Nucleated red blood cells and serum lactate values on days 2 and 5 are associated with mortality and morbidity in VLBW infants

  • Martin Poryo
  • Antonia Wissing
  • Michael Zemlin
  • Aylin Aygün
  • Daniel Ebrahimi-Fakhari
  • Jürgen Geisel
  • Jakob Schöpe
  • Stefan Wagenpfeil
  • Harald Sauer
  • Sascha Meyer
original article



To correlate nucleated red blood cell counts and serum lactate concentrations on day 2 and 5 of life with morbidity and mortality in very low birth weight infants and to determine corresponding cutoff values.


Retrospective analysis in a cohort of very low birth weight infants.


250 very low birth weight infants were included in this study. Gestational age ranged from 23 to 35 weeks (mean 29.04) and birth weight was 320–1500 g (mean 1047.9). 55 (22%) patients developed intraventricular hemorrhage, 55 (22%) bronchopulmonary dysplasia, 12 (4.8%) periventricular leukomalacia, 93 (37.2%) retinopathy of prematurity, and 1 (0.4%) necrotizing enterocolitis. Mortality rate was 25/250 (10%). Nucleated red blood cells and serum lactate on day 2 of life were associated with mortality (p < 0.001). Serum lactate on day 5 of life demonstrated an association with retinopathy of prematurity (p = 0.017), bronchopulmonary dysplasia (p = 0.044), and intraventricular hemorrhage (p < 0.001). Cutoff values predicting mortality were >89.5 nucleated red blood cells/100 leucocytes (sensitivity 68.2%, specificity 89.0%) and serum lactate concentrations >8.5 mmol/l (sensitivity 69.6%, specificity 93.5%) on day 2 of life.


We conclude that both nucleated red blood cell count and serum lactate concentration are valuable biomarkers in predicting important outcome parameters in very low birth weight infants.


Nucleated red blood cells Serum lactate VLBW infants Morbidity Mortality 



Area under the curve


Bronchopulmonary dysplasia


Birth weight


95% confidence interval


Extracorporeal membrane oxygenation


Estimated fetal weight


Gestational age


Intrauterine growth restriction


Intraventricular hemorrhage


Necrotizing enterocolitis


Neonatal intensive care unit


Nucleated red blood cell


Odds ratio


Periventricular leukomalacia


Retinopathy of prematurity


Very low birth weight

Normoblasten und Serumlaktatkonzentrationen an Lebenstag 2 und 5 sind mit Mobidität und Mortalität von VLBW-Neonaten assoziiert



Ziel der Untersuchung war es die Normoblastenzahl und Serumlaktatkonzentration an Lebenstag 2 und 5 mit der Morbidität und Mortalität von very low birth weight-Neonaten zu korrelieren und Cut-off-Werte zu bestimmen.


Retrospektive Analyse in einer Gruppe von very low birth weight-Neonaten.


Insgesamt 250 very low birth weight-Neonaten wurden in die Studie eingeschlossen. Das Gestationsalter reichte von 23 bis 35 Schwangerschaftswochen (Mittelwert 29,04) und das Geburtsgewicht von 320 bis 1500 g (Mittelwert 1047,9). 55 (22 %) Patienten entwickelten eine intraventrikuläre Blutung, 55 (22 %) eine bronchopulmonale Dysplasie, 12 (4,8 %) eine periventrikuläre Leukomalazie, 93 (37,2 %) eine Frühgeborenen-Retinopathie und ein Patient (0,4 %) eine nekrotisierende Enterokolitis. Die Mortalität betrug 25/250 (10 %). Die Normoblasten und Serumlaktatkonzentrationen an Lebenstag 2 waren mit einer erhöhten Mortalität assoziiert (p < 0,001). Die Serumlaktatkonzentrationen an Lebenstag 5 war mit einer erhöhten Rate an Frühgeborenen-Retinopathie (p = 0,017), bronchopulmonaler Dysplasie (p = 0,044) und intraventrikulärer Blutung (p < 0,001) assoziiert. Cut-off-Werte > 89,5 Normoblasten/100 Leukozyten (Sensitivität 68,2 %, Spezifität 89,0 %) und Serumlaktatkonzentrationen > 8,5 mmol/l (Sensitivität 69,6 %, Spezifität 93,5 %) an Lebenstag 2 wiesen auf eine erhöhte Mortalität hin.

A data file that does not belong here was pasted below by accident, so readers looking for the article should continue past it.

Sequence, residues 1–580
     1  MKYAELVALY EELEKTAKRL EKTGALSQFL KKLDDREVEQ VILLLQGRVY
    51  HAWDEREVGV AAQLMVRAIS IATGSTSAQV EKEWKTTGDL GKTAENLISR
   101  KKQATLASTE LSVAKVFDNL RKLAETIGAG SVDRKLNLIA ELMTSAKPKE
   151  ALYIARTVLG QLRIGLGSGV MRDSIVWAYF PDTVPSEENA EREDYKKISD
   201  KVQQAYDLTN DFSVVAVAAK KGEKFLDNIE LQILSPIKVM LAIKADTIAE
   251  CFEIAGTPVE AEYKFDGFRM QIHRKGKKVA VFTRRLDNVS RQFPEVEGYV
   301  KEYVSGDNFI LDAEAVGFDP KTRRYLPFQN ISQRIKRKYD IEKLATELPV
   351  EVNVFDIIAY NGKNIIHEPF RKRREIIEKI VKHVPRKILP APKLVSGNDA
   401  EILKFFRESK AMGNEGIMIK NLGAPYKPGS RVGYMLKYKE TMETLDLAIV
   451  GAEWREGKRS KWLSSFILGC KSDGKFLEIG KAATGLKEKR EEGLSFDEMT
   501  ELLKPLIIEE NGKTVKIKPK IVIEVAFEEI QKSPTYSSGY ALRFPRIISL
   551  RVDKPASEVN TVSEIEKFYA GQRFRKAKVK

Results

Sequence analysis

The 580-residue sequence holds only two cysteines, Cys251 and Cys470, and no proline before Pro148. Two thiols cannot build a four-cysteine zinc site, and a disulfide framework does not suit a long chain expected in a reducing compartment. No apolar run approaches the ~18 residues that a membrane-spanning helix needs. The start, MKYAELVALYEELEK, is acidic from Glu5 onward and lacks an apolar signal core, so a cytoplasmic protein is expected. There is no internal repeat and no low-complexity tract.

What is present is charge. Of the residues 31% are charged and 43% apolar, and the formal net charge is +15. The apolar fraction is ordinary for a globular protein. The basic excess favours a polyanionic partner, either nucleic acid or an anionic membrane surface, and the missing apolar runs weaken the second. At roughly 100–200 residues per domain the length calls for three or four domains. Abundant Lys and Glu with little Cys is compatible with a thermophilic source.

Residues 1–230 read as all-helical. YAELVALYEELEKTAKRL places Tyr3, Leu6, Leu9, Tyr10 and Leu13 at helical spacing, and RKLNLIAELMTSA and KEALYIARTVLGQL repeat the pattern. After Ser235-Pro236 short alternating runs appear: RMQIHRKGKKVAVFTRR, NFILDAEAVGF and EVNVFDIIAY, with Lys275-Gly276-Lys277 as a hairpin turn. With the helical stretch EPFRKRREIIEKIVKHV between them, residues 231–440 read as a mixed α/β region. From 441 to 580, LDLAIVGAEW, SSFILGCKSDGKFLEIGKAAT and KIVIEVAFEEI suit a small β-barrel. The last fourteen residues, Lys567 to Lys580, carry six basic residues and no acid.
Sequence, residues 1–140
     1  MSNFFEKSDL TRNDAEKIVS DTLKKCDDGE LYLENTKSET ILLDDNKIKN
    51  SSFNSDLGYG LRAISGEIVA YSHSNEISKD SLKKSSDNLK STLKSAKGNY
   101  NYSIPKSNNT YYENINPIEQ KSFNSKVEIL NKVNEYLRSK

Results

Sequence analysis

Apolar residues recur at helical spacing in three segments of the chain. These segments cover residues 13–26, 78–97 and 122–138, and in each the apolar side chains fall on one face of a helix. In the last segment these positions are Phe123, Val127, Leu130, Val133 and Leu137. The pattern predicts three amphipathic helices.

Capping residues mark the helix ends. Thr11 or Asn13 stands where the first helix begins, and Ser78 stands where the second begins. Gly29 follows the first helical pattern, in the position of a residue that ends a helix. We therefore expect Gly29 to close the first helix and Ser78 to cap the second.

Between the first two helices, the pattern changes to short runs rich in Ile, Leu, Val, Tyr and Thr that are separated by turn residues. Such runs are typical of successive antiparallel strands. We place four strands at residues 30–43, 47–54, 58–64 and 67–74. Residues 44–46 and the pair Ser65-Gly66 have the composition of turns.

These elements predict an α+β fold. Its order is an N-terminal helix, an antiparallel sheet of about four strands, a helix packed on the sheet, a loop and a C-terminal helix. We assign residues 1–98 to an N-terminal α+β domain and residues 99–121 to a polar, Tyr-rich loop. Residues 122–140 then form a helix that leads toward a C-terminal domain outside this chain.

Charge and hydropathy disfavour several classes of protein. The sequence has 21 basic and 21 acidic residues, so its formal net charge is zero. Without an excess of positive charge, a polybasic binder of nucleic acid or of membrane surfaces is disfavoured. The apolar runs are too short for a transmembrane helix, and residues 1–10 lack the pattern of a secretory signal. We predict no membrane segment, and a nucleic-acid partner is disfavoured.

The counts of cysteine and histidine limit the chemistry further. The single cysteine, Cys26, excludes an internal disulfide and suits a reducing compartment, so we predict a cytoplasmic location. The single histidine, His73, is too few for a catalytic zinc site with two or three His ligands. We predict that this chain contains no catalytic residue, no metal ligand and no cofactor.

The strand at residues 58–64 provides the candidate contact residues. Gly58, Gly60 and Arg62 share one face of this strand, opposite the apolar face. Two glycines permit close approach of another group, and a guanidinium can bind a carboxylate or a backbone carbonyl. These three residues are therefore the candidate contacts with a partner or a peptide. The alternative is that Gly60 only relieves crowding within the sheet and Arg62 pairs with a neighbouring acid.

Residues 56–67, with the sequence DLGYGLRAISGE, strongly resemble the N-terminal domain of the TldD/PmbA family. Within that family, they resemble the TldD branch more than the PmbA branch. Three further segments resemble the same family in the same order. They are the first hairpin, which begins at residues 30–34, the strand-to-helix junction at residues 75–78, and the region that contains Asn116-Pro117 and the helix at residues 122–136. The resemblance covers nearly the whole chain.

Wir schließen daraus, dass beide, die Normoblastenzahl als auch die Serumlaktatkonzentration, wertvolle Biomarker sind, die wichtige Outcome-Parameter von very low birth weight-Neonaten vorhersagen können.


Normoblasten Serumlaktat VLBW-Neonaten Morbidität Mortalität 


Conflict of interest

M. Poryo, A. Wissing, M. Zemlin, A. Aygün, D. Ebrahimi-Fakhari, J. Geisel, J. Schöpe, S. Wagenpfeil, H. Sauer, and S. Meyer declare that they have no competing interests.


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Copyright information

© Springer-Verlag GmbH Austria, ein Teil von Springer Nature 2018

Authors and Affiliations

  • Martin Poryo
    • 1
  • Antonia Wissing
    • 2
  • Michael Zemlin
    • 5
  • Aylin Aygün
    • 2
  • Daniel Ebrahimi-Fakhari
    • 2
  • Jürgen Geisel
    • 3
  • Jakob Schöpe
    • 4
  • Stefan Wagenpfeil
    • 4
  • Harald Sauer
    • 1
  • Sascha Meyer
    • 5
    • 6
  1. 1.Department of Pediatric CardiologySaarland University HospitalHomburg/SaarGermany
  2. 2.Medical SchoolUniversity of SaarlandHomburg/SaarGermany
  3. 3.Department of Clinical chemistry and Laboratory medicineSaarland University Medical CenterHomburg/SaarGermany
  4. 4.Institute for Medical Biometry, Epidemiology and Medical InformaticsSaarland UniversityHomburg/SaarGermany
  5. 5.Department of Pediatrics and NeonatologySaarland University Medical CenterHomburg/SaarGermany
  6. 6.Department of Pediatric NeurologySaarland University Medical CenterHomburg/SaarGermany

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